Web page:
The following post is written by Wendy Stachowiak, VP Global Travel Partnerships, International SOS on behalf of the GBTA Risk Committee.
In early December, the Supreme Court ruled to allow the third version of President Donald Trump’s travel ban to go into effect. This order enforces a policy against travelers entering the United States from mainly Muslim countries, including Chad, Iran, Libya, Somalia, Syria, Yemen, North Korea and Venezuela. The restrictions for each country vary, but the majority is that citizens from these countries are unable to enter the United States permanently, including working, studying or vacations in the United States.
On December 22, the U.S. 9th Circuit Court of Appeals unanimously ruled that President Trump’s travel ban violates the law, saying it “exceeds the scope of his delegated authority”. Despite the ruling, the fate of the travel ban ultimately lies in the hands of the Supreme Court.
The first order signed by President Trump in January was faced with many protests and legal challenges. A revised version was signed in March, making small changes like lifting the indefinite ban on Syrian refugees. The third order was announced in late September and added North Korea and Venezuela. The Supreme Court allowed for the third order, overturning a temporary compromise that had been in place since June.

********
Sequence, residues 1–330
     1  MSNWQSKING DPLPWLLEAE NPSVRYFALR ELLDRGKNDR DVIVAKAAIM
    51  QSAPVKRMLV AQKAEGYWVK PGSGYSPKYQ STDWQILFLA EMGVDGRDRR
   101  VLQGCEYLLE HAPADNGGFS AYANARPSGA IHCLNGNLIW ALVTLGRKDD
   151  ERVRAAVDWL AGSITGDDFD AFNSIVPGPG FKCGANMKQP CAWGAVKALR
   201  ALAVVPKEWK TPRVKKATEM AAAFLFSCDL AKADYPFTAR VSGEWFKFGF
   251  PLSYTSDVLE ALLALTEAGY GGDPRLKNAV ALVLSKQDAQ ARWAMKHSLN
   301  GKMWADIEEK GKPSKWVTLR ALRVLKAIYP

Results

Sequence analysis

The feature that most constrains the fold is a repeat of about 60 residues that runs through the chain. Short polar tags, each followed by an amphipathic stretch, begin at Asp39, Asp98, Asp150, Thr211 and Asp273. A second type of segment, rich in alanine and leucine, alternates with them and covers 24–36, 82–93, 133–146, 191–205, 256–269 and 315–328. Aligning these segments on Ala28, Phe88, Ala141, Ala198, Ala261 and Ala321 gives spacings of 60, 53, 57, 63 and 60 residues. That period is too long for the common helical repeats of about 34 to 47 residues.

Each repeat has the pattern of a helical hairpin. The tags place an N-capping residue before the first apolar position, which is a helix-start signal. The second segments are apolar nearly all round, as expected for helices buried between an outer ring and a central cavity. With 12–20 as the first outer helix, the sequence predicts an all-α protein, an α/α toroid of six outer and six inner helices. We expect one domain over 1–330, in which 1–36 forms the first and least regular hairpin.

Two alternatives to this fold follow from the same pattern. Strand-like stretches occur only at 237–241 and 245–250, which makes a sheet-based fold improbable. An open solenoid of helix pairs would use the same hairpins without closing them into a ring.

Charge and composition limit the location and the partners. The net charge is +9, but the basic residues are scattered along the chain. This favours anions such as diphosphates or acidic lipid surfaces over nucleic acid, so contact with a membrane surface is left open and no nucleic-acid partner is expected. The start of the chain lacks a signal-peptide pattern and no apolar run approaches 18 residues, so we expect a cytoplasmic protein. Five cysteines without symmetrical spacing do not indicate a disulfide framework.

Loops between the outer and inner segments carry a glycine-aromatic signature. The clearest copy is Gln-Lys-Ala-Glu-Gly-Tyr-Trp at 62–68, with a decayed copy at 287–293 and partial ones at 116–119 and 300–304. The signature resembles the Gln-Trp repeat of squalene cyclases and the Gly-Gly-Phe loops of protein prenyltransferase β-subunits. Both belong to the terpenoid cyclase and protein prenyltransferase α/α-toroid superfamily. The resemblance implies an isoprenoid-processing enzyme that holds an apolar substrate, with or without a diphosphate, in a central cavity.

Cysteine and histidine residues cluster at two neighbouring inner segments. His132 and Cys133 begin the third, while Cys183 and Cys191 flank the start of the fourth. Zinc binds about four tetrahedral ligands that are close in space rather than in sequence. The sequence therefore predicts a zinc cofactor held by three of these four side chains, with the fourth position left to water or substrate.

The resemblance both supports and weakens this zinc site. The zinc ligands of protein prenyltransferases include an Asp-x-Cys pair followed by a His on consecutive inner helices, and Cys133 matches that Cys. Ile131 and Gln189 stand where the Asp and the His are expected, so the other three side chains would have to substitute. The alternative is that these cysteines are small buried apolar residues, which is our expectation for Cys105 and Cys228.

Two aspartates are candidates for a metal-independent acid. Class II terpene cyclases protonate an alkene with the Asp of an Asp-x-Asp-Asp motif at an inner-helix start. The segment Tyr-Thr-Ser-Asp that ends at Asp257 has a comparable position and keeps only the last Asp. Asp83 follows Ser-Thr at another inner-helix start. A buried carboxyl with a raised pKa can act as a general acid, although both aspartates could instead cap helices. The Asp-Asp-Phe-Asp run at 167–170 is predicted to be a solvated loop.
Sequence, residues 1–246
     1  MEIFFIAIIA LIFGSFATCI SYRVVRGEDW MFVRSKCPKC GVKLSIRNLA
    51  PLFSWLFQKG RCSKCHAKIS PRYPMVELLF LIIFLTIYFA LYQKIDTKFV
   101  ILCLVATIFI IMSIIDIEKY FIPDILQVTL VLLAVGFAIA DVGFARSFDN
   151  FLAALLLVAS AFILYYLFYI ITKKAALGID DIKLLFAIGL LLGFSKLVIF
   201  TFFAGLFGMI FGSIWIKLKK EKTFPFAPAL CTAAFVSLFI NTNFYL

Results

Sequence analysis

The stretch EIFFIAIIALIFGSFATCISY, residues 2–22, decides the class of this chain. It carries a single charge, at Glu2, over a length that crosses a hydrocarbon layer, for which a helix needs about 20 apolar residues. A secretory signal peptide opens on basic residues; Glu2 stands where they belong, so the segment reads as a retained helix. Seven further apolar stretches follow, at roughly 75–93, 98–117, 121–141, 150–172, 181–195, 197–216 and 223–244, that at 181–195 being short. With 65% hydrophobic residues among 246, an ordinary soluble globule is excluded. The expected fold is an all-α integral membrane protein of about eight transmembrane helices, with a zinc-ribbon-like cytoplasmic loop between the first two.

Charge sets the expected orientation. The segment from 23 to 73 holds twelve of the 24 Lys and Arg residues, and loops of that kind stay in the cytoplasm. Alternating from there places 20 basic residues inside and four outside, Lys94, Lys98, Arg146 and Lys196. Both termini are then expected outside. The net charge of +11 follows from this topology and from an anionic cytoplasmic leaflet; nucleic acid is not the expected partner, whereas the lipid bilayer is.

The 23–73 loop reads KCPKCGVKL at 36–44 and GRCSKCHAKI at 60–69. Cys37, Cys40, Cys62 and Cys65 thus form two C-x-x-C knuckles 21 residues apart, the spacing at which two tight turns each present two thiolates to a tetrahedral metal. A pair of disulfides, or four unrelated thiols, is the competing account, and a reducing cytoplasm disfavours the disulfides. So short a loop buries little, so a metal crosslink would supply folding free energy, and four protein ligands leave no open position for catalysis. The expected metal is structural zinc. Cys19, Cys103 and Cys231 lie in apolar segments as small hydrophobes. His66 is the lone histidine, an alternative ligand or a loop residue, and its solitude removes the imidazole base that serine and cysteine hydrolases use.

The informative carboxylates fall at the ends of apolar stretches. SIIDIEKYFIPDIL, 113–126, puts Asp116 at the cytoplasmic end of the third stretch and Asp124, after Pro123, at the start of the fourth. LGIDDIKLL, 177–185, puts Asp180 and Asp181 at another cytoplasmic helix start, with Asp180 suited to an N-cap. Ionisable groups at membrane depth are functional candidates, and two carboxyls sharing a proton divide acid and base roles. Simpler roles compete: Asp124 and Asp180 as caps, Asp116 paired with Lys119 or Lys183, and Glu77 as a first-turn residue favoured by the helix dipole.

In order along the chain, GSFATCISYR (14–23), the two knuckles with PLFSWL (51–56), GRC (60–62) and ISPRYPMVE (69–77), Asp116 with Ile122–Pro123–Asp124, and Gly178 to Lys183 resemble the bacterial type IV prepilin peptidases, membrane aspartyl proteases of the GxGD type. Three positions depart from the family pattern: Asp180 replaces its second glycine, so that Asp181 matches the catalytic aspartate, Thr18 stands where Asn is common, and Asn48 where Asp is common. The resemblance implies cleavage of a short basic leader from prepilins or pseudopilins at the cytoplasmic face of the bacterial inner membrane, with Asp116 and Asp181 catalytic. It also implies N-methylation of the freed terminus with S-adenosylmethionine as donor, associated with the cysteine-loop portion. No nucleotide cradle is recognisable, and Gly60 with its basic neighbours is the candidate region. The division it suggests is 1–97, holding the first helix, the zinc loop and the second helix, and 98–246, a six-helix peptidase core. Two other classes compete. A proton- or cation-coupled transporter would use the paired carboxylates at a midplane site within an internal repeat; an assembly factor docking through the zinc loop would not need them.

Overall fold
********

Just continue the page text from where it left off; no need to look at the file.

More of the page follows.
President Trump’s reasoning for the ban is that it is necessary for natural security, using examples of the recent terror attacks in Paris, Berlin, Brussels and Berlin. Many opponents have described this as a “Muslim ban”, calling it discriminatory and violating the “founding principles of this nation”.
The third version of the ban says that those eight specific countries were chosen because they “remain deficient at this time with respect to their identity-management and information-sharing capabilities, protocols, and practices. In some cases, these countries also have a significant terrorist presence within their territory”.
There will be states challenging this rule as there have been in the past. The Supreme Court’s order said the policy will take full effect despite the legal challenges ahead. If someone from any of the eight countries already have a visa or green card, they will be allowed to enter the United States, but those applying after the restrictions are in effect will face the stricter process.